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The West African regional bloc, ECOWAS, has suspended Burkina Faso in the aftermath of a military coup, making it the third member nation to be punished for a military takeover in only 18 months.
The announcement on Friday by the Economic Community of West African States (ECOWAS) comes several days after mutinous soldiers forced democratically elected President Roch Marc Christian Kabore to resign.
The soldiers went on state television to announce their military takeover of the country, which they said was under siege from armed groups. The military rulers said Kabore failed to stem the violence that has killed thousands during his time in power.
West African leaders met virtually on Friday to discuss the Burkina Faso coup, and a delegation was expected to travel to the Burkinabe capital, Ouagadougou, in the coming days.
Ghanaian President Nana Addo Dankwa Akufo-Addo, the current ECOWAS chairman, called the recent spate of coups in West Africa “a direct violation of our democratic tenets”.
“The rest of the world is looking up to us to be firm on this matter,” he said.
A mission of ECOWAS chiefs of staff will fly to Burkina Faso on Saturday, followed on Monday by ministerial-level envoys.
The leaders will meet again on February 3 in Accra to assess the outcome of these missions and see whether additional sanctions should be imposed along with suspension, a summit participant told the AFP news agency.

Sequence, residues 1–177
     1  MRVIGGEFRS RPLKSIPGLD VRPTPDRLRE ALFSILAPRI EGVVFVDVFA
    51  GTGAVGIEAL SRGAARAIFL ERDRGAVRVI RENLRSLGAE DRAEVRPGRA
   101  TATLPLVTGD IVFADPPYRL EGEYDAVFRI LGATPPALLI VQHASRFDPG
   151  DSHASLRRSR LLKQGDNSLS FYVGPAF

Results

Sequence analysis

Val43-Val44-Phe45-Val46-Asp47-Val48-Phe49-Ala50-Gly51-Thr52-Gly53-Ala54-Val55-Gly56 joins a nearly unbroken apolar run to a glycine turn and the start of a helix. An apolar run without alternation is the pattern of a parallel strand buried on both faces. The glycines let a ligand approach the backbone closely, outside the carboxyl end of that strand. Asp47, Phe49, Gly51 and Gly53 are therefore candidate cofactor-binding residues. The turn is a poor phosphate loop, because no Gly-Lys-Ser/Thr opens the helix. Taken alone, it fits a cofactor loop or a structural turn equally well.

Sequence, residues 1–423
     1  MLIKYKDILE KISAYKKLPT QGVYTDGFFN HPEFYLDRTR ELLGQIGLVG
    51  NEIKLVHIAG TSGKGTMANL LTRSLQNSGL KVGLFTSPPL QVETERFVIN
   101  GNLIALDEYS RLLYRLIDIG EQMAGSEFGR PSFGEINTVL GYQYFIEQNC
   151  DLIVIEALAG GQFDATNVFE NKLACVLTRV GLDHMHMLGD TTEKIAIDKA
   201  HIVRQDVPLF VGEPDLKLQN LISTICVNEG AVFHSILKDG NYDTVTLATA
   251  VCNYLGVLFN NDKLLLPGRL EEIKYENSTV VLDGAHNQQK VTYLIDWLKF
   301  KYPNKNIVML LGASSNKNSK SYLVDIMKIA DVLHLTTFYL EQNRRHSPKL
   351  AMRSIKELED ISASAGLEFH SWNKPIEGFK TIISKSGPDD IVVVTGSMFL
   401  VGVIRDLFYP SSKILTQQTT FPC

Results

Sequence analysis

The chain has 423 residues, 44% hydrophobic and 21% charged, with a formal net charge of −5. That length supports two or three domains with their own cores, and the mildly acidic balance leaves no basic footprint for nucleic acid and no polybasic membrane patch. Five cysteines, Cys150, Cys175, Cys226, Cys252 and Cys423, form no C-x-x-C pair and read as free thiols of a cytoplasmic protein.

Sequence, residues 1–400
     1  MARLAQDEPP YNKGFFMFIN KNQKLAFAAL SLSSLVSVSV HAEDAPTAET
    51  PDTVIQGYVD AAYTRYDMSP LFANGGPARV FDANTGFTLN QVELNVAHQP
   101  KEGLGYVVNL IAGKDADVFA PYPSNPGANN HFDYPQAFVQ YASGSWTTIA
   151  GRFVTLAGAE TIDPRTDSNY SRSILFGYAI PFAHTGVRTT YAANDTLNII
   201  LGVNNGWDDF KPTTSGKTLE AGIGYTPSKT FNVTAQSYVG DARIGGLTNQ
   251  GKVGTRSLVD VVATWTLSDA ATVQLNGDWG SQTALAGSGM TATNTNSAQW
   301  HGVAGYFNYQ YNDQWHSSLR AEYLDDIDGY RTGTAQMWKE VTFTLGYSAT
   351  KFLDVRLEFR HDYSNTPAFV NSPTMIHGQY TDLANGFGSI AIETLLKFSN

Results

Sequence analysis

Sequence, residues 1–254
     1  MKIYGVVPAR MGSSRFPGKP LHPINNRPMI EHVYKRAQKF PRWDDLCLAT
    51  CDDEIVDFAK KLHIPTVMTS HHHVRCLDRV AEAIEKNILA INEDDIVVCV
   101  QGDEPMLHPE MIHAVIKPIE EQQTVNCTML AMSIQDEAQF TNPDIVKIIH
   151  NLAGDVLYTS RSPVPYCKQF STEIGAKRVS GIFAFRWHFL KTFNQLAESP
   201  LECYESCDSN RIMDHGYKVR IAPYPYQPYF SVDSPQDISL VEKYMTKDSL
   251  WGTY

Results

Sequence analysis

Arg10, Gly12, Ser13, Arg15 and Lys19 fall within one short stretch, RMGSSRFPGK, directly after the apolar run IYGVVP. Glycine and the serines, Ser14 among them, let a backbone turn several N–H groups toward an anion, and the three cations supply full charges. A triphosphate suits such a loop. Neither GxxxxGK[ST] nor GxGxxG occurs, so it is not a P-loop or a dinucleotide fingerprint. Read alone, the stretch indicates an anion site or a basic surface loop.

At the virtual summit lasting about three hours, the ECOWAS leaders also called for Kabore and other detained leaders to be released.
On Tuesday, the bloc issued a statement of condemnation over the coup and accused the military of forcing Kabore to resign “under threat, intimidation and pressure”.
In the past 18 months, the 15-nation ECOWAS has suspended two other members – Guinea and Mali – where coups have occurred.
ECOWAS suspended neighbouring Mali after a coup there in August 2020 and then took similar action against Guinea after the president was overthrown last September.
Mali is also under punishing economic sanctions, including flight bans and asset freezes, after its coup leader failed to organise elections within 18 months as promised.
ECOWAS has faced criticism for its handling of the coups, particularly in Mali where mediators negotiated with the military government on the 18-month deadline for holding democratic elections.
Mali’s coup leader has said that will not be met, citing security conditions, and has announced a vote four years from now instead.
This content was originally published here.